- Cognitive Behavioral Therapy (CBT): Cognitive Behavioral Therapy examines the thoughts that underlie drug use. Clients learn to reframe those thoughts and improve the feelings, motivations and behaviors that follow. CBT is also effective for co-occurring anxiety or depression.
- Dialectical Behavior Therapy (DBT): Dialectical Behavior Therapy focuses on the development of mindfulness and coping skills to mange stressful situations. By building moment to moment awareness the client will be able to choose behaviors and environments that promote sobriety.
- Eye Movement Desensitization and Reprocessing Therapy (EMDR): EMDR is a therapeutic modality which specifically addresses trauma. When trauma is the underlying reason for drug use, EMDR can be helpful in recovery.
- Contingency Management Therapy: This is a behavior-based approach that involves introduction or removal of rewards based upon monitoring of recovery positive behaviors.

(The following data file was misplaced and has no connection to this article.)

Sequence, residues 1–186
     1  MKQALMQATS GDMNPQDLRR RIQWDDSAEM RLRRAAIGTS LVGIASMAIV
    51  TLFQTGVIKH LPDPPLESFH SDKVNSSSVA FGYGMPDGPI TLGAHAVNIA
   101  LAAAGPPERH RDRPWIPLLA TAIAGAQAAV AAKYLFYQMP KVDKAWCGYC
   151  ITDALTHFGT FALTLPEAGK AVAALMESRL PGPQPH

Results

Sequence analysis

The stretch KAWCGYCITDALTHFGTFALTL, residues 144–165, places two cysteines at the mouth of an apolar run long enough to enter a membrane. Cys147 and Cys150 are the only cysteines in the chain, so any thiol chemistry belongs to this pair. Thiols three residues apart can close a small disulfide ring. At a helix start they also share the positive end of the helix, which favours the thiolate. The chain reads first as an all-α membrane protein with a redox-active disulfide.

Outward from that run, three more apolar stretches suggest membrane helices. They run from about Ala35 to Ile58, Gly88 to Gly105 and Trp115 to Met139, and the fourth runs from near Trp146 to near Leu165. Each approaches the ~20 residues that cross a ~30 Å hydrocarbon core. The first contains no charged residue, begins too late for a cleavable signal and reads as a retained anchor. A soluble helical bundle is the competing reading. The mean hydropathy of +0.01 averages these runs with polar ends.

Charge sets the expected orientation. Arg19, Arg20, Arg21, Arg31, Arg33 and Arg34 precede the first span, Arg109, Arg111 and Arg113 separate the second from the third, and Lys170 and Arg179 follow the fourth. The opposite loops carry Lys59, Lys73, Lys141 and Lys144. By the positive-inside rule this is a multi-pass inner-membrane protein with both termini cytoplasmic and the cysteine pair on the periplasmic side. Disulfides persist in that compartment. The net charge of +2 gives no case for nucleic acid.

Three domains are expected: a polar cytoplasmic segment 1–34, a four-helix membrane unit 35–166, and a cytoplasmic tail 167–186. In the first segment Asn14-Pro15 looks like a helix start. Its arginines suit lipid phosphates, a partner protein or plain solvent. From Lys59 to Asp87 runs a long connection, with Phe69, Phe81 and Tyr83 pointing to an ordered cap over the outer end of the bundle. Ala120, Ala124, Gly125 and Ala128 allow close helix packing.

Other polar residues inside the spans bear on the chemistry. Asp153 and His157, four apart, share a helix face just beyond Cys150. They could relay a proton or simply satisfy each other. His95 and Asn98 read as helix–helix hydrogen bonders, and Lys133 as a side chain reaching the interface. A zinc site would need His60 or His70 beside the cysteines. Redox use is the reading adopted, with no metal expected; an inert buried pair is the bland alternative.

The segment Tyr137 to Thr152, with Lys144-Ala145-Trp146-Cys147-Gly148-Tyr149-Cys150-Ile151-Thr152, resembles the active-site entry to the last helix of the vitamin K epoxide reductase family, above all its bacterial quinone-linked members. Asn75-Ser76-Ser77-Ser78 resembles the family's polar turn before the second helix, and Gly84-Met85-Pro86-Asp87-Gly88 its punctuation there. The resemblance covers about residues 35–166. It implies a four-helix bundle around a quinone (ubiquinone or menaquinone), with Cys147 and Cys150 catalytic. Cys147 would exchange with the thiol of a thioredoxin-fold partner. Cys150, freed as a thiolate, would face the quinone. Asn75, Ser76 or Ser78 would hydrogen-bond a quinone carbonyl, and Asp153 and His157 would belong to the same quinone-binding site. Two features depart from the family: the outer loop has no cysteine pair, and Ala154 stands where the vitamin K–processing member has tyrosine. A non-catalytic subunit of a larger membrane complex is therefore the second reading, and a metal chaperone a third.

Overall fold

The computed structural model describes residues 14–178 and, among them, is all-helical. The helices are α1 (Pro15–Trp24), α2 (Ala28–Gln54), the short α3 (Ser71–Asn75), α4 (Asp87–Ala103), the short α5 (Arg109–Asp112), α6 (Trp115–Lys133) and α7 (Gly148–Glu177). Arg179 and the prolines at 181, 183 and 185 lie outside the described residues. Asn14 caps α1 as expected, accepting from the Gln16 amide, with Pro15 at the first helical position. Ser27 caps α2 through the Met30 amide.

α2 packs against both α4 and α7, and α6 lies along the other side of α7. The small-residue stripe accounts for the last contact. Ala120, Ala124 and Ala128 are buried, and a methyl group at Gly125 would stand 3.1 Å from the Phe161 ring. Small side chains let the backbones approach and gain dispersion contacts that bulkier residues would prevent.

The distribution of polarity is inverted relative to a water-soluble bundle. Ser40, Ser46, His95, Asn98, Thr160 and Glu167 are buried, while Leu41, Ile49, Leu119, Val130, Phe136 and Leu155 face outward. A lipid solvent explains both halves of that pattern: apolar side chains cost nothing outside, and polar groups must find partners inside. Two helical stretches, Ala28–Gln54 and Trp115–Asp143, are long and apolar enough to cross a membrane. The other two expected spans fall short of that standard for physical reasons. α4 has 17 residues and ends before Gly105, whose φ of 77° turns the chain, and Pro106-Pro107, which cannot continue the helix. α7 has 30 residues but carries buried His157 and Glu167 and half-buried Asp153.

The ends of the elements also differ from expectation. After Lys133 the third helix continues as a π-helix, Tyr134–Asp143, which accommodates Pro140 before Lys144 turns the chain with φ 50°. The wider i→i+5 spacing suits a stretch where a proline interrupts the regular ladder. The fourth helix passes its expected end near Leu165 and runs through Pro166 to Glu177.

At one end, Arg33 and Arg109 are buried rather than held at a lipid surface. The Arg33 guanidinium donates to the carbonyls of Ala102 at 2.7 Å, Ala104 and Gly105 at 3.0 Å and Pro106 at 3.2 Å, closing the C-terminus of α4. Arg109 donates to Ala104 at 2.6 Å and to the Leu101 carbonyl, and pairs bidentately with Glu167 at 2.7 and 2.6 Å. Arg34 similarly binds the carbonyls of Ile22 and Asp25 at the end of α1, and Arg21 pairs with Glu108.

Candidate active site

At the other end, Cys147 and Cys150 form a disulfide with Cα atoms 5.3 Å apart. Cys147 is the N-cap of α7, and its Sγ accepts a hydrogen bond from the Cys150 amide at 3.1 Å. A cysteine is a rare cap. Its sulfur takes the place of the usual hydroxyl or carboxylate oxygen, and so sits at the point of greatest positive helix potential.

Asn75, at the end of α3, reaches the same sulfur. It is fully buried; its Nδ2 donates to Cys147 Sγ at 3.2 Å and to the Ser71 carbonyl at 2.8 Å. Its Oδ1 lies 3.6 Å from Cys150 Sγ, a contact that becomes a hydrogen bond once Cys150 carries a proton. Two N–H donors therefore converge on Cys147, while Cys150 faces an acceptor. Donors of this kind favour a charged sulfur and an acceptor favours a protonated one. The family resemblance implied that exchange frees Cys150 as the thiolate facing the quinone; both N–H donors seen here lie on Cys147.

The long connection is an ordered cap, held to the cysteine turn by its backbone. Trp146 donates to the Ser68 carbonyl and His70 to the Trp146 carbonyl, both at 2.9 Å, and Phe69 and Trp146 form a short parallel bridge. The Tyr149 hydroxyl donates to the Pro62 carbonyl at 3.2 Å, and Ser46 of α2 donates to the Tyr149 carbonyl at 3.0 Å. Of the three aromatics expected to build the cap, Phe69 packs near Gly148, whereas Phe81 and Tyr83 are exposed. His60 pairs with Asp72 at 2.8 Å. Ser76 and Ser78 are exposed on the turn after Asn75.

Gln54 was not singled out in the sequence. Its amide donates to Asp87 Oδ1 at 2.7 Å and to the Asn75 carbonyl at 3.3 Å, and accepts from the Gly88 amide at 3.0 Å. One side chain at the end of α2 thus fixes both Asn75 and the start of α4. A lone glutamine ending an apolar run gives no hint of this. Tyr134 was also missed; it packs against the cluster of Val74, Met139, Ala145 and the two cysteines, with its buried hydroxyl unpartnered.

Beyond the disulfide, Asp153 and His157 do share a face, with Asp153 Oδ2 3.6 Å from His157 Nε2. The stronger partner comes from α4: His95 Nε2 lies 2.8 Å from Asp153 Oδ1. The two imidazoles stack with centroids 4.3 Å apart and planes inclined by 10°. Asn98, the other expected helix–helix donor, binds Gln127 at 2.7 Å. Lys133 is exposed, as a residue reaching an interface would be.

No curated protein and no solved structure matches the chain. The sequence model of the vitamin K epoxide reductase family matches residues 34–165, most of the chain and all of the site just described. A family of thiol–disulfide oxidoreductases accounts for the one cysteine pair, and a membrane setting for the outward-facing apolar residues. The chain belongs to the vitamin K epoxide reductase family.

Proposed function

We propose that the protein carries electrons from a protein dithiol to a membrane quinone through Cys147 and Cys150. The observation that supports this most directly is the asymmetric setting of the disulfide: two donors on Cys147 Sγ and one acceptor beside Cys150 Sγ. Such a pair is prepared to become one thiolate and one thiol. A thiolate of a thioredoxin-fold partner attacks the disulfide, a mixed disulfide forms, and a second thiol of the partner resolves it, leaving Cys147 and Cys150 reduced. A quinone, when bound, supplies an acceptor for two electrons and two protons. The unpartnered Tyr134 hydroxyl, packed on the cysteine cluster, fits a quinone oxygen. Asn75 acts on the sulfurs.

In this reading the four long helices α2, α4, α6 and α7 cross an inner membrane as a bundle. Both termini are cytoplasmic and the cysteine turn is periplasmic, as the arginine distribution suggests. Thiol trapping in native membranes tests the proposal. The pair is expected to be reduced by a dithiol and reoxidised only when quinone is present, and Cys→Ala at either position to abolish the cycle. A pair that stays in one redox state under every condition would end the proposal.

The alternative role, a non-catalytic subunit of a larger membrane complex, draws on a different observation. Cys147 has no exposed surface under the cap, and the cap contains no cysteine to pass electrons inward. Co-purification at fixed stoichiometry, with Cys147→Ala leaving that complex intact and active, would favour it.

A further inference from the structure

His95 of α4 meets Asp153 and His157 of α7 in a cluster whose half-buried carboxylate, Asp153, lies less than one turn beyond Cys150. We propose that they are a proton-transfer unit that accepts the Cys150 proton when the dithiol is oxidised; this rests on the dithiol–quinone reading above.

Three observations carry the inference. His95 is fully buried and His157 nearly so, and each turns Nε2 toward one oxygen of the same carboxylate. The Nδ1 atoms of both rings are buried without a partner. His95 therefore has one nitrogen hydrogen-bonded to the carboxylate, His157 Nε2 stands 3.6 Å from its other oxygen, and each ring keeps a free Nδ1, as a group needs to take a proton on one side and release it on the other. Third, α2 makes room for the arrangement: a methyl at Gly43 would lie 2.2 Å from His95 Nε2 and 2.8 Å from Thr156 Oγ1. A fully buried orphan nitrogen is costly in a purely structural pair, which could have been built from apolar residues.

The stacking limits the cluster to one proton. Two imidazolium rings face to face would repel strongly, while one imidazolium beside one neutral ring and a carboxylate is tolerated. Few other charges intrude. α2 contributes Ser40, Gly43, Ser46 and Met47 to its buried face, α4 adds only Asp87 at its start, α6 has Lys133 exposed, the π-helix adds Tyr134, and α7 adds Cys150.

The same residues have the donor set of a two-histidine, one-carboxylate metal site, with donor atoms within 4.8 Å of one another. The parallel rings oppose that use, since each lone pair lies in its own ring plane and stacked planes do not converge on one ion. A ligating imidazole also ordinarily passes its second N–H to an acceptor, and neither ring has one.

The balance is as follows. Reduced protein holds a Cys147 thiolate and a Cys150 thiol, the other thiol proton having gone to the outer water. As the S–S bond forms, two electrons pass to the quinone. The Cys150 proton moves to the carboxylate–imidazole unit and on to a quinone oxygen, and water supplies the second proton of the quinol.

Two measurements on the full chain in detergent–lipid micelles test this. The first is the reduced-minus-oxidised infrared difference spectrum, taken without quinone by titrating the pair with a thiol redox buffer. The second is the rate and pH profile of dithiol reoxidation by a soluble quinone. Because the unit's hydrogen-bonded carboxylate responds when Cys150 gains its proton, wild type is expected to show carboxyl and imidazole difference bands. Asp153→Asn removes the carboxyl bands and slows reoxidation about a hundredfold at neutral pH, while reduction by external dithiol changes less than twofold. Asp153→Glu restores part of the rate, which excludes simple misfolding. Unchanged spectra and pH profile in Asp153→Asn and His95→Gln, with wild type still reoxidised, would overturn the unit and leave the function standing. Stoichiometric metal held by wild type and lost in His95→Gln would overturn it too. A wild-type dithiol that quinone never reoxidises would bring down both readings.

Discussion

- Motivational Enhancement Therapy: This person-centered approach relies on the client’s internal reasons and desire to stop using. Motivational enhancement therapy identifies the stage of change the client is experiencing and works within that framework. As the desire to change grows, “change talk” is supported.
Medication-supported treatment of addiction is an evidence-based approach for treatment of many substance use disorders. It gives the user relief from cravings and the most difficult symptoms of withdrawal until a recovery oriented lifestyle and coping skills are put in place. While there is no specific FDA approved medication for cannabis use disorder, many medications have proven supportive in recovery and are part of evidence supporting off label protocols. Sedatives (like benzodiazepines) can be helpful to decrease nausea, improve appetite and sleep during withdrawal.
Vitamins such as a quality multivitamin, B, C and E vitamin supplements can support overall health and reduce the oxidative stress caused by drug use and subsequent withdrawal. Calcium and magnesium supplements can help calm the nervous system and reduce anxiety.
Some medications that may be used for marijuana withdrawal symptoms include: